Published On: Mon, Apr 16th, 2018

Caribbean ‘Think Book’ for May 4 and 5 launches

bookWILLEMSTAD - Parera naval base in Curaçao was the scene for the presentation of Caribbean Think Book – for 4 and 5 May. The publication (in three language editions) has been designed to explain to Dutch Caribbean students the impact of World War II on their islands and what the meaning and importance of National Remembrance Day (May 4) is.

The book is meant for groups 7 and 8 of elementary schools and the first grade of preparatory vocational education.
Curaçao Governor Lucille George-Wout, Prime Minister Eugene Rhuggenaath and Minister of Education Marilyn Alcala-Wallé were in attendance.

As St. Eustatius historian Walter Hellebrand said he was asked to advise on the book’s text from a Windward Islands’ perspective, and contributed information and illustrations for St. Eustatius, he was invited for the launch.

Hellebrand said the publication is an initiative of the National May 4 and 5 Committee and will be distributed in Dutch, Papiamentu and English. The accompanying teacher’s manual has also been printed in these three languages.

National Remembrance Day is observed throughout the Dutch Kingdom to commemorate the victims of World War II, and to underline the importance of the defence of freedom.

However, Hellebrand explained that the Committee felt it was necessary to reinstall this notion and its meaning with the youth. In a creative and interactive way, the book informs them about the War, and challenges them to think about what freedom – and being deprived of it – means.
Against the backdrop of the Navy support vessel Zr. Ms. Pelikaan, Navy Commander for the Caribbean Region Brigadier General Peter Jan de Vin welcomed the audience, including students of three Curaçao schools.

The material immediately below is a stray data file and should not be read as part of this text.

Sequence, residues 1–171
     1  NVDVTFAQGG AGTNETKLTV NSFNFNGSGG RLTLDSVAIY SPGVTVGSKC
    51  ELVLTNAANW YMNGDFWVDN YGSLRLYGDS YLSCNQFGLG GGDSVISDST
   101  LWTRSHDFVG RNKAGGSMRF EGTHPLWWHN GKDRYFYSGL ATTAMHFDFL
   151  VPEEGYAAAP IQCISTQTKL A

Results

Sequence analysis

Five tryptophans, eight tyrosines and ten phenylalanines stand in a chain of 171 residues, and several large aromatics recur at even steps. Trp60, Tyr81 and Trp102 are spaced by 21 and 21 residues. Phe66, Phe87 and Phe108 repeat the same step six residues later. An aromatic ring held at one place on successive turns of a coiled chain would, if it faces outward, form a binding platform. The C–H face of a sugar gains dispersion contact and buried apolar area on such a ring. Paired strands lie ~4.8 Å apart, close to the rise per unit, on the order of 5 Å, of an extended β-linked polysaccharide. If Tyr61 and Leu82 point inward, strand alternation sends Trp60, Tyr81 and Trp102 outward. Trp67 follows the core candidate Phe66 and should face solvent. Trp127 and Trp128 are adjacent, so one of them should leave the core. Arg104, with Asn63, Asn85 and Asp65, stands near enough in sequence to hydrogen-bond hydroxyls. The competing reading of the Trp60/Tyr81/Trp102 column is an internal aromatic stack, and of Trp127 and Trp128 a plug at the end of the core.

Committee board member Kilian Wawoe gave a touching rendering of the conversation with his father who experienced the War as a child in Curaçao, Hellebrand said. The message his father wanted to pass on to the children was: “Curaçao was always there to help the European Netherlands in times of need.”

He thanked the contributors from the other islands, Hellebrand among them, for their cooperation.

Project coordinator Saskia Luckmann introduced the joint performance of students of the three schools. It was obvious they had been asked what the theme of freedom meant to them, because they came up with statements such as “No more bullying,” and “No more hitting.”
In her speech, Governor George-Wout touched on what seemed to be the common theme: “Freedom is not a given, you have to make an effort for it.”

She also referenced to the struggle for freedom of the slaves on Curaçao and the Jews who came to the island because they were persecuted elsewhere.

“Mistakes of the past have the tendency to repeat themselves. Freedom does not come naturally. You have to work on it. So, I welcome this initiative to make the youth aware of that,” the Governor said.

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